Thursday, November 1, 2012

Microreview [Novel]: Mr. Blank


The Meat

In this review of Mr. Blank, the term “fun romp” will not be used. In fact, I’m going to stay away from the word “fun” entirely.

As a teen I couldn’t get enough of conspiracy theories. Of course, it was a simpler time. Oliver Stone and X Files, the Loompanics catalog and Feral House’s very existence, the Clinton Administration and the internets: the nineties were a good time for cabals, secret histories, and cattle mutilation. I’m not sure that I bought a single conspiracy – other than maybe the Kennedy assassination, the Action Comics #1 of modern conspiracy theories – but I immensely enjoyed reading these cheap trade paperbacks that promised to uncover age old secrets about Jesus’ kids and decode the dollar bill.

Justin Robinson’s Mr. Blank is a comedic roman noir about conspiracies, part Chandler, part Vonnegut, part von Däniken. Actually, it’s a novel about conspirators. More to the point, it’s about the low-level Joes that conspirators hire to do the shit work of their nefarious plots – the working schlubs who are charged with during the grunt work necessary for world domination or waking the Old Gods. Someone has to do take the Holy Grail to FedEx or give Lee Harvery Oswald’s clone a ride to the dentist.

The novel’s hero is just such a nameless dude. He’s a Mason, a Templar, and a Satanist, as well as a neophyte of, henchman for, and errand boy to a number of other secret societies you’ve never heard of. He’s the man you call when you need a mysterious object dropped off in Encino – or when an equally mysterious object needs picking up in Culver City. It’s good work if you can find it. And if you can decipher certain Craigslist ads correctly.

Fortunately, Mr. Blank’s plot is not really that important. (Fortunate for me because I am really bad at summarizing.) There’s a couple of stolen mythical artifacts, warring cults, assassination plots, a plus-sized model, and more spooks/cultists/anorexics than…something. But these themes, tropes, and gimmicks are all an excuse for the jokes.

The book is generally funny. Robinson, as if he were Dashiel Hammet’s annoying kid brother, sardonically mimics the best of hardboiled crime writing: “At first glance, she looked fifteen. Second glance aged her five years, third a couple more. She always had a look on her face like she disapproved of everything she could see, and was imagining a few more things to be pissed off with.” Nice.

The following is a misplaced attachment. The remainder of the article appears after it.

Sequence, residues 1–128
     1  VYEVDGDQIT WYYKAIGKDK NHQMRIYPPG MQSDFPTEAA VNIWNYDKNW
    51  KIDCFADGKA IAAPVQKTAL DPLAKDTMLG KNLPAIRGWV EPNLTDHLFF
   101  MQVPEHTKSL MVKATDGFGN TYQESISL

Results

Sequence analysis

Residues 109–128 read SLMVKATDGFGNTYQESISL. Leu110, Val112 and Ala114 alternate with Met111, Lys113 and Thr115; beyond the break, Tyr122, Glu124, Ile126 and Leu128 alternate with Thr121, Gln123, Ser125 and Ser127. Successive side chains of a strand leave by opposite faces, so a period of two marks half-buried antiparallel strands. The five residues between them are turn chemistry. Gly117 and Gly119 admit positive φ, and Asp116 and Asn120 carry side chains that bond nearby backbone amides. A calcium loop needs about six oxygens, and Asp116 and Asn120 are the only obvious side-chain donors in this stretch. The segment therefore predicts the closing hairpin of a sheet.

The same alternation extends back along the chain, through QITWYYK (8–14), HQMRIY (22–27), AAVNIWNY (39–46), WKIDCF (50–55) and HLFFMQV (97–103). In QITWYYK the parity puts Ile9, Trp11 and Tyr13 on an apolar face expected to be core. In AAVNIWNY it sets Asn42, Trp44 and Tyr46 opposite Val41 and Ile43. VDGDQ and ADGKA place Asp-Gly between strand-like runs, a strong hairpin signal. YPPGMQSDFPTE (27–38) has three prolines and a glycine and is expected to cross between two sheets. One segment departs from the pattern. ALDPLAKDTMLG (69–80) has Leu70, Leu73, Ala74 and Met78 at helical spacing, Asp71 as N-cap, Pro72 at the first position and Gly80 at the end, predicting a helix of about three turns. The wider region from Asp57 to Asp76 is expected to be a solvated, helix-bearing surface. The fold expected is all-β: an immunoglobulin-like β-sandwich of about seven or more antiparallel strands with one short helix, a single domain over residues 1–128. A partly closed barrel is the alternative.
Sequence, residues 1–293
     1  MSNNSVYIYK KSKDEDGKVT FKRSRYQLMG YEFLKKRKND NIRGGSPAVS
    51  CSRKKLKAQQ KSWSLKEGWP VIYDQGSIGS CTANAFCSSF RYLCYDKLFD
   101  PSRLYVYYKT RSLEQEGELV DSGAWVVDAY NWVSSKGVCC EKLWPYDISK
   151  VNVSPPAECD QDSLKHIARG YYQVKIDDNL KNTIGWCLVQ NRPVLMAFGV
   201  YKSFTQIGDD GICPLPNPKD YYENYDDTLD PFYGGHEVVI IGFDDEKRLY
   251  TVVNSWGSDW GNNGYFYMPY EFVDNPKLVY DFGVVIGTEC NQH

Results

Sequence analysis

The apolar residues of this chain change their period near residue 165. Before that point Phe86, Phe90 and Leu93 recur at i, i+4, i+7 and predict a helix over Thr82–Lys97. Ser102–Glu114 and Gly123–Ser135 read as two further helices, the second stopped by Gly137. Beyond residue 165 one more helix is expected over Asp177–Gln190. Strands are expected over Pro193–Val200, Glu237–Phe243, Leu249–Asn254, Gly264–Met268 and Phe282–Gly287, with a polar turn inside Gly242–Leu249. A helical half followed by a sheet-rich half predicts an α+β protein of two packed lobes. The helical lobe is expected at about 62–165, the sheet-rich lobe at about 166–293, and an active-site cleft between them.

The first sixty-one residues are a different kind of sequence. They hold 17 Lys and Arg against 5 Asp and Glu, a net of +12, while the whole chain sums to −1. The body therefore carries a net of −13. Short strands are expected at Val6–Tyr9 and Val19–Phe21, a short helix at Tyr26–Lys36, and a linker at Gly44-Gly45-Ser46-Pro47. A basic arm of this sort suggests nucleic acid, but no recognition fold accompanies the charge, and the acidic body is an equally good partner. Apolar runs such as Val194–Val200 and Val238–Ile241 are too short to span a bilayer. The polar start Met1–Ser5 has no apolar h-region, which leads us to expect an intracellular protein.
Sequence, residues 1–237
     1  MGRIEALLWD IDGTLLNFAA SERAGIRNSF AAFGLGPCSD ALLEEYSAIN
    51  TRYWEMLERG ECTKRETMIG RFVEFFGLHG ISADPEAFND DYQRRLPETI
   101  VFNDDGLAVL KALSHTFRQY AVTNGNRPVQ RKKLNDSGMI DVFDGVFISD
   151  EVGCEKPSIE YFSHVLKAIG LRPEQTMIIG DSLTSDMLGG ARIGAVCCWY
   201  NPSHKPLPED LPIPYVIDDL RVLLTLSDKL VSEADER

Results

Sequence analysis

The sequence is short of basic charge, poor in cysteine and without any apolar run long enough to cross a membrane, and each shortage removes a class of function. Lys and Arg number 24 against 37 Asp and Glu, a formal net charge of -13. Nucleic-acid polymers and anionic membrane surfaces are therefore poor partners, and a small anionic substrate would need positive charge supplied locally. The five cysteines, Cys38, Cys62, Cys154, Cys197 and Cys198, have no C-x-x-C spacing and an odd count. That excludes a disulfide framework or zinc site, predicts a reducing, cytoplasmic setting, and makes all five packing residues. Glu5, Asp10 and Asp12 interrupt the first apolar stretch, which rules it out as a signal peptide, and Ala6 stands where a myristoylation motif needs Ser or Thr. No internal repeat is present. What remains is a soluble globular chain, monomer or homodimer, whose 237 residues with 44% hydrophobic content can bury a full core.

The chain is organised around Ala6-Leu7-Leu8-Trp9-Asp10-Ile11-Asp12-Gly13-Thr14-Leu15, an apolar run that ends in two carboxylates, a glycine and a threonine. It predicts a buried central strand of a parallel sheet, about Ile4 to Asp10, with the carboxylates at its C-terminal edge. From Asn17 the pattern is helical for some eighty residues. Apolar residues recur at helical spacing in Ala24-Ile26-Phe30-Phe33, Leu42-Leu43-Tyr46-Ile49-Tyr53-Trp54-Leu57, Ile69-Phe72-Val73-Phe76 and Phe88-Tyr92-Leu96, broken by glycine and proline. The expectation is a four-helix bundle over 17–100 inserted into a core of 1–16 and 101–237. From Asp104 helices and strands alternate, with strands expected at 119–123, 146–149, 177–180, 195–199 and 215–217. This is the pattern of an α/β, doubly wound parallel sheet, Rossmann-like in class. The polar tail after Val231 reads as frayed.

Robinson’s at his best when he’s poking fun out his hometown, Los Angeles:
  • “There are people in LA who spend their entire lives avoiding the 405.” “Burbank existed entirely for the purpose of destroying any lingering belief that the world was a beautiful place.”
  • “‘You have to just make a decision. Do you want to be famous and dead, or unknown and alive?’ I expected her to have to think about it. After all, she was in LA.”
  • “It looked like old LA to me, a place where a bot player had probably dies in the ‘40s and was a stop on one of the lower-rent tours.”
Jokes. This book is full of them. And if Mystery Science Theater 3000 taught us anything, it’s that the more jokes one makes, the greater the likelihood for failure. There are indeed plenty of bad jokes in Mr. Blank. Some of them are even embarrassing. Fortunately, there are some damn funny ones as well.

The plot of Mr. Blank is fairly incidental. In fact, it’s entirely incidental, little more than an excuse to introduce another conspiracy, another silly character, or simply to make a trip to the Griffith Observatory or the San Fernando Valley. Does it matter that the internet has become sentient and has been given a body by its worshippers? Only to the extent that it makes for a funny and fairly creepy scene. Though the plot’s relative irrelevance was not overall too much of a drawback, it began to wear toward the end of the book. I didn’t expect or want to care about anyone in the book, but somewhere around page 270 I truly stopped caring. The book’s denouement would have delightfully underwhelming and anticlimactic assuming that I had been required to pay attention to the pages that preceded it.

Had this been one of those “serious” novels that the New York Times or an attractive Latina comparative lit doctoral candidate insist I read, I would have been pissed. But this isn’t a book about upper middle class folks with problems and relationships. It’s a silly book about the silly conspiracies that silly people believe. And as such, it was almost entirely successful, despite all the bad jokes.

All in all, Mr. Blank was a fun read. Dammit.


The Math

Objective score: 7/10

Bonus points: +1 for reminding me of Loompanics; +1 for good jokes

Penalties: -1 for bad jokes

Nerd coefficient: 8/10

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